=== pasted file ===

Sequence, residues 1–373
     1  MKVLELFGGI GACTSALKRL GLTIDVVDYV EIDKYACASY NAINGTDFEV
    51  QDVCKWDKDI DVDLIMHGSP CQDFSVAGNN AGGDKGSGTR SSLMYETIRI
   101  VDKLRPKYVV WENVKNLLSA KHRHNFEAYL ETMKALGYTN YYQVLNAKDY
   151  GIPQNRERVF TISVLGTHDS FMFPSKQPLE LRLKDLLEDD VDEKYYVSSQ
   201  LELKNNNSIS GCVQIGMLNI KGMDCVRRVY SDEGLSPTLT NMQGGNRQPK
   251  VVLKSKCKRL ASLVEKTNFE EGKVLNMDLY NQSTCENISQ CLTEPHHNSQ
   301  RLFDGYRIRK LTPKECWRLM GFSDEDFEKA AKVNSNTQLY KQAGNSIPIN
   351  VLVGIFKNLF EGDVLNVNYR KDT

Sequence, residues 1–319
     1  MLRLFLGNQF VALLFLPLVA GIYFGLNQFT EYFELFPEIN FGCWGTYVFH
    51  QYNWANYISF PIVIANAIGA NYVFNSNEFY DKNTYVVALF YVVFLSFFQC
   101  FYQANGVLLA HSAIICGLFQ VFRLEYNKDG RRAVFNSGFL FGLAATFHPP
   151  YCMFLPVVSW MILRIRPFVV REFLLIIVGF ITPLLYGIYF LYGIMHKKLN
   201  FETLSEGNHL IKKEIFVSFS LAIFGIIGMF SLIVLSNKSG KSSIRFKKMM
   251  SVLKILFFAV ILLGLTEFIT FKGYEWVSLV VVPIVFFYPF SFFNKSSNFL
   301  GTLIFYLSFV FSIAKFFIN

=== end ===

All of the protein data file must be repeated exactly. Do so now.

Sequence, residues 1–373
     1  MKVLELFGGI GACTSALKRL GLTIDVVDYV EIDKYACASY NAINGTDFEV
    51  QDVCKWDKDI DVDLIMHGSP CQDFSVAGNN AGGDKGSGTR SSLMYETIRI
   101  VDKLRPKYVV WENVKNLLSA KHRHNFEAYL ETMKALGYTN YYQVLNAKDY
   151  GIPQNRERVF TISVLGTHDS FMFPSKQPLE LRLKDLLEDD VDEKYYVSSQ
   201  LELKNNNSIS GCVQIGMLNI KGMDCVRRVY SDEGLSPTLT NMQGGNRQPK
   251  VVLKSKCKRL ASLVEKTNFE EGKVLNMDLY NQSTCENISQ CLTEPHHNSQ
   301  RLFDGYRIRK LTPKECWRLM GFSDEDFEKA AKVNSNTQLY KQAGNSIPIN
   351  VLVGIFKNLF EGDVLNVNYR KDT

Sequence, residues 1–319
     1  MLRLFLGNQF VALLFLPLVA GIYFGLNQFT EYFELFPEIN FGCWGTYVFH
    51  QYNWANYISF PIVIANAIGA NYVFNSNEFY DKNTYVVALF YVVFLSFFQC
   101  FYQANGVLLA HSAIICGLFQ VFRLEYNKDG RRAVFNSGFL FGLAATFHPP
   151  YCMFLPVVSW MILRIRPFVV REFLLIIVGF ITPLLYGIYF LYGIMHKKLN
   201  FETLSEGNHL IKKEIFVSFS LAIFGIIGMF SLIVLSNKSG KSSIRFKKMM
   251  SVLKILFFAV ILLGLTEFIT FKGYEWVSLV VVPIVFFYPF SFFNKSSNFL
   301  GTLIFYLSFV FSIAKFFIN